Cummings Valley groundwater level causing concern
Groundwater in the Cummings Basin has shown signs of depletion over the last decade with a very small rate of recovery from the wet year 2011. And 2013 has been one of the driest.
That state of affairs has promoted Tehachapi-Cummings County Water District General Manager John Martin to ask for the board's approval to conduct a groundwater modeling study for the Cummings Groundwater Basin.
The study would update the data that was collected in March of 2004, which according to Martin included 21 years of data --1981 through 2001.
Nearly 12 years have elapsed since then, and during that time groundwater levels in the basin, as indicated by its four key wells -- has declined -- falling to or below the calculated safe yield of the basin, which according to a report provided to the district by Fugro Consultants, is due to in part to increased development in the Cummings Valley Basin.
The report also indicated that the changes in water use and land use has substantially lessened the adjudicated safe yield value -- a term used to express the amount of water an aquifer or well can yield for consumption without producing unacceptable negative effects, such as contamination by induced infiltration, decreased river flows and overall lowering of the water table.
Among those changes are increases in groundwater pumpage by some agricultural users, continued groundwater production in the northern edge of the basin by Bear Valley Community Services District, expansion of groundwater production in the southern part of the basin by Stallion Springs Community Services District and changes in land use by some of the major agricultural interests.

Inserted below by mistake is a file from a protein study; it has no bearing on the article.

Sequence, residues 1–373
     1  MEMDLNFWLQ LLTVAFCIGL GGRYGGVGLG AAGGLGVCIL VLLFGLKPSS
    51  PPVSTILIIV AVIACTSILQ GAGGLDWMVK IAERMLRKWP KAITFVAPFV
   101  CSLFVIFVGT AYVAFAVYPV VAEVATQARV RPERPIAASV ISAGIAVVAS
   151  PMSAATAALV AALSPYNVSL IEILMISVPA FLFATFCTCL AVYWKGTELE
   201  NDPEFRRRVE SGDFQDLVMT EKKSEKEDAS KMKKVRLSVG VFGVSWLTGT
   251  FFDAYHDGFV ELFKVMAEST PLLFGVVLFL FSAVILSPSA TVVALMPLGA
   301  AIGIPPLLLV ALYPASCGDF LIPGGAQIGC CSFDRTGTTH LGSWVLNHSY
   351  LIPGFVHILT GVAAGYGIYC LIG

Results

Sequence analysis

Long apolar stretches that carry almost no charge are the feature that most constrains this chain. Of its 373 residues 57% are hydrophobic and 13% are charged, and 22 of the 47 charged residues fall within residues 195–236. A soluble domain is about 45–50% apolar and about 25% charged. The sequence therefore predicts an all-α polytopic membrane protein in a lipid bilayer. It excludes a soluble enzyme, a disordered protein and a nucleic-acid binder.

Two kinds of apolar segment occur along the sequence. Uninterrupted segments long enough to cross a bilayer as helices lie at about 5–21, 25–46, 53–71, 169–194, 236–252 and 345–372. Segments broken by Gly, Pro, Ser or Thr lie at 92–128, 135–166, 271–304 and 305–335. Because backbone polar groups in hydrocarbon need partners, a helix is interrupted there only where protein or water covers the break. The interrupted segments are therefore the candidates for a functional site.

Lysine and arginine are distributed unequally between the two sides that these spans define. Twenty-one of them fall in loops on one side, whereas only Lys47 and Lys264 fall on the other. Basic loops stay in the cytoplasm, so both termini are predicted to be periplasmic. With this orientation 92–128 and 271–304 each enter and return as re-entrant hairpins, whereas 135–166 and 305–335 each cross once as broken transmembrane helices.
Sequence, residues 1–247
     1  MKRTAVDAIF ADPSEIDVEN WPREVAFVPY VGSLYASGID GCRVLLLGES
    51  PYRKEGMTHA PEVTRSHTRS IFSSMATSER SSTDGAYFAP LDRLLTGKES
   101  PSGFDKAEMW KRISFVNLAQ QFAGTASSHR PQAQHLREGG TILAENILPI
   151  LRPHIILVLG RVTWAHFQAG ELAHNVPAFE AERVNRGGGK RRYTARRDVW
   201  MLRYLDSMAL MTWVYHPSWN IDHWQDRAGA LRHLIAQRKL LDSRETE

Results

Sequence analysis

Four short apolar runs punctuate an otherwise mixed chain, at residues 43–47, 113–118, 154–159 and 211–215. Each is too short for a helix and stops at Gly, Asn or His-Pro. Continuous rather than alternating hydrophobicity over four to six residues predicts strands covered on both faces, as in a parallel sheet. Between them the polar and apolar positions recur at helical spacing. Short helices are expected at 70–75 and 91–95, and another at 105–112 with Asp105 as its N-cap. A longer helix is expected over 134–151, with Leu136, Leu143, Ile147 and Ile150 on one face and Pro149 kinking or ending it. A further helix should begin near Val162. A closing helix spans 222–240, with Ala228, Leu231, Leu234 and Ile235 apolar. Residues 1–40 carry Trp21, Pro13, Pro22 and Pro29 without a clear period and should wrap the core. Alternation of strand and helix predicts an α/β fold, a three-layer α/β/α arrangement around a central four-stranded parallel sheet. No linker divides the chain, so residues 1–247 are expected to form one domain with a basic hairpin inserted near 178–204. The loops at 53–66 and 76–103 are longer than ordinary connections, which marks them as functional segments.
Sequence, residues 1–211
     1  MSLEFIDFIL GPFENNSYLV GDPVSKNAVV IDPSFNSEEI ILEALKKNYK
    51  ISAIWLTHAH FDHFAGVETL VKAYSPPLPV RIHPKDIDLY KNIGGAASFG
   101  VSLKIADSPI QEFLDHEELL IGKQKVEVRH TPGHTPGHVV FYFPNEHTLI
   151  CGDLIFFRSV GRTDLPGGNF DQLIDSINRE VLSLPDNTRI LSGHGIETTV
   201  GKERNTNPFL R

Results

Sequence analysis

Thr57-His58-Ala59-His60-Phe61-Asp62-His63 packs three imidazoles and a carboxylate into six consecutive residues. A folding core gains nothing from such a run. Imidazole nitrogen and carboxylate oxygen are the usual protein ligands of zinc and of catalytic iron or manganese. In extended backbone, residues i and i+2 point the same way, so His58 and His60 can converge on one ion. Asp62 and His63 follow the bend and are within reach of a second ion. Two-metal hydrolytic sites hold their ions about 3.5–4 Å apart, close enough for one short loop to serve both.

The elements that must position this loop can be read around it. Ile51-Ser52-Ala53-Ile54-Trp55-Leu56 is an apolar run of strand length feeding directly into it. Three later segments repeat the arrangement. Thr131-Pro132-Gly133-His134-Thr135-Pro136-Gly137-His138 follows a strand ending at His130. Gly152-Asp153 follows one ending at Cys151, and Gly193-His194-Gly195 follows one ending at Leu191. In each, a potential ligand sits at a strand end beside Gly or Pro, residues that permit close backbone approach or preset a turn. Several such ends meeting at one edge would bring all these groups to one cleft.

The report also addressed the below normal rainfall over the past two years -- an issue Martin addressed with directors.
"We are going to likely see another low number year," he said. "So, I think there is some urgency to see on updating our groundwater model and getting better information."
But the study comes at a hefty price of $129,980.
However, it would provide the district with 33 years of data, which Martin said would be more than enough to substantiate an accurate safe yield number, which could then be used to control pumping in the basin to a better extent than it is being done now.
"It's an expensive project, and the big question is how do we get this done," Martin said.
As watermaster for the basin, the district has a responsibility to manage its groundwater and is willing to foot one third of the bill to update the district's groundwater modeling study.
However, Martin is reaching out to all of those who benefit from the basin's groundwater supply, asking them to chip in.
Martin's idea is to equally split the study three ways between the district, agricultural pumpers and municipal and industrial pumpers, with each group contributing $43,327. Each group's contribution would be allocated to pumpers within the group based on actual water pumped during the water year of Oct. 1, 2012 to Sept. 30, 2013.
According to Martin, both Bear Valley and Stallion Springs are interested in moving forward with the study and have indicated that they would be willing to participate financially. Martin has also solicited the state's California Correctional Institution and a few of the valley's farmers, who have also expressed their support.
"We are all stakeholders in that basin so hopefully people realize that this is something that they're doing for their own benefit and are willing to contribute," he said.
All of the stakeholders were to meet on Monday, Oct. 7 (after the deadline for this edition) and depending on the outcome, the next step is for Martin to present a plan back to the water district's directors at the board's Oct. 16 meeting.